Himachal Pradesh presents anthropological, cultural, environmental and topographical diversity. Its reflection is seen in the variations of architecture of houses, clothing styles, food and food habits. The variations in availability of raw materials, environmental conditions clubbed with the time tested traditional knowledge and wisdom have made the people of different regions of this hill state to formulate, develop and perpetuate the consumption of a wide range of traditional foods and beverages unique to its places since ages. Bhatooru, siddu, marchu, seera, chilra, manna, aenkadu, sepubari, patande, doo, baari, dosha, malpude, babroo, bedvin roti, madrah, tchati, churpa, sura, chhang, kinnauri, angoori, chulli, lugri, arak/ara, rak, chukh and pickles (e.g. brinjal, lingri, bidana, peach, pear, plum, tomato, bottle gourd, etc.) made from different fruits and vegetables, etc. are some popular traditional products that are unique to the tribal and rural belts of Himachal Pradesh. Some of these products, e.g. bhatooru, chilra and tchati constitute staple food in rural areas of the state while others are prepared and consumed during marriages, local festivals and special occasions, and form part of the sociocultural life of hill people. However, the production of these foods and beverages is largely limited to household level.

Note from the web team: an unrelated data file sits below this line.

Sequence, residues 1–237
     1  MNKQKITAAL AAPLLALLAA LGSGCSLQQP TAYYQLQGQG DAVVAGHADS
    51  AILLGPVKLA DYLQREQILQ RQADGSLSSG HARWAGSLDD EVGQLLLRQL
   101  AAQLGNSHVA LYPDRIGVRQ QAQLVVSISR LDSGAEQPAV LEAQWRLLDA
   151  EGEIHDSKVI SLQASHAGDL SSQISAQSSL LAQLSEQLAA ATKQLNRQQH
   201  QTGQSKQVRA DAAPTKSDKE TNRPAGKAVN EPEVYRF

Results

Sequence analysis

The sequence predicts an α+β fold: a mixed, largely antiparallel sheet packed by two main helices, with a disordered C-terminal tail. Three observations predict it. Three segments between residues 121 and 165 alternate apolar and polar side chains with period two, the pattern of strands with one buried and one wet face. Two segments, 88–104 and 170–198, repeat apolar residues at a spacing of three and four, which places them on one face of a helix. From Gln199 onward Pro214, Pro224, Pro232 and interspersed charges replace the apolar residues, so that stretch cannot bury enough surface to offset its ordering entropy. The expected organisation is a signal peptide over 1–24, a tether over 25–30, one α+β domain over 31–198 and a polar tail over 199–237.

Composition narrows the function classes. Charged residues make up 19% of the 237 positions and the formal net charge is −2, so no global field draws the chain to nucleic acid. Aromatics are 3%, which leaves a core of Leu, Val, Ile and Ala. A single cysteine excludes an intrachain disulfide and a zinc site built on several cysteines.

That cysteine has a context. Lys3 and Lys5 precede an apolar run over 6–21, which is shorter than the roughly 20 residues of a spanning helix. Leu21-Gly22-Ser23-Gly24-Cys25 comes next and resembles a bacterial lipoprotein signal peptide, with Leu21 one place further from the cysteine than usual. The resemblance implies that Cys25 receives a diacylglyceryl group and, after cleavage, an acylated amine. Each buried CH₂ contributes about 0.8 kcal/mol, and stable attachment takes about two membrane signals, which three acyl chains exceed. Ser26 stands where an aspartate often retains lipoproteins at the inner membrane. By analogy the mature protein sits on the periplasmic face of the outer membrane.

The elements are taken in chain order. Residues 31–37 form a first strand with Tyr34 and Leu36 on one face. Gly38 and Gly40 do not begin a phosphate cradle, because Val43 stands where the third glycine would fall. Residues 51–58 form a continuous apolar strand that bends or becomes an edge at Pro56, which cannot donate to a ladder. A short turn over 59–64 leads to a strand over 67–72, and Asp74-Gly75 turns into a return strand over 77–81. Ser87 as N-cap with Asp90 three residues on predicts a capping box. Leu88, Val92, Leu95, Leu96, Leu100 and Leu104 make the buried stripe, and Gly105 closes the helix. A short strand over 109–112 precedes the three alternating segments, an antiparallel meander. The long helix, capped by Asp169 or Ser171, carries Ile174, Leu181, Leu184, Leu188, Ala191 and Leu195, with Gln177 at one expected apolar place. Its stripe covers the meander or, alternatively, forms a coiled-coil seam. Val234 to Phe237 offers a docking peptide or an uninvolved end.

Keywords: Traditional foods, Traditional beverages, Himachal Pradesh
First humans arrived in what is today known as Portugal about 10,000 BC, entering between the shore and the west end of the Pyrenees.
In 2,000 BC the Iberians arrived, maybe from North Africa. Then the Celts arrived and at the same time, a handful of Germans (who were farmers) with wagons for transporting what they needed. They settled in the North where forests were rich and abundant and wild game, honey and even shellfish was added to the menu. Nuts and chestnuts were gathered, roasted and used to make bread.
The inhabitants of Portugal thrived and so foreigners arrived, settled and introduced more foodstuffs, more habits and more traditions. Then Celtiberians and Lusithanians arrived. Then Romans conquered Iberia. They introduced olives, onions and garlic, 3 ingredients which are indispensable in Portuguese cuisine. The Moors arrived in Spain in 711, planning to invade Europe but they pretty much stuck to the south, the Algarve and Alentejo. The Moors brought new irrigation systems, turned barren areas into rich agricultural land where they, very successfully, planted almond, fig and citrus trees. It was at this stage that new ingredients in the form of rice and spices were also introduced and the locals were taught fascinating new cooking techniques.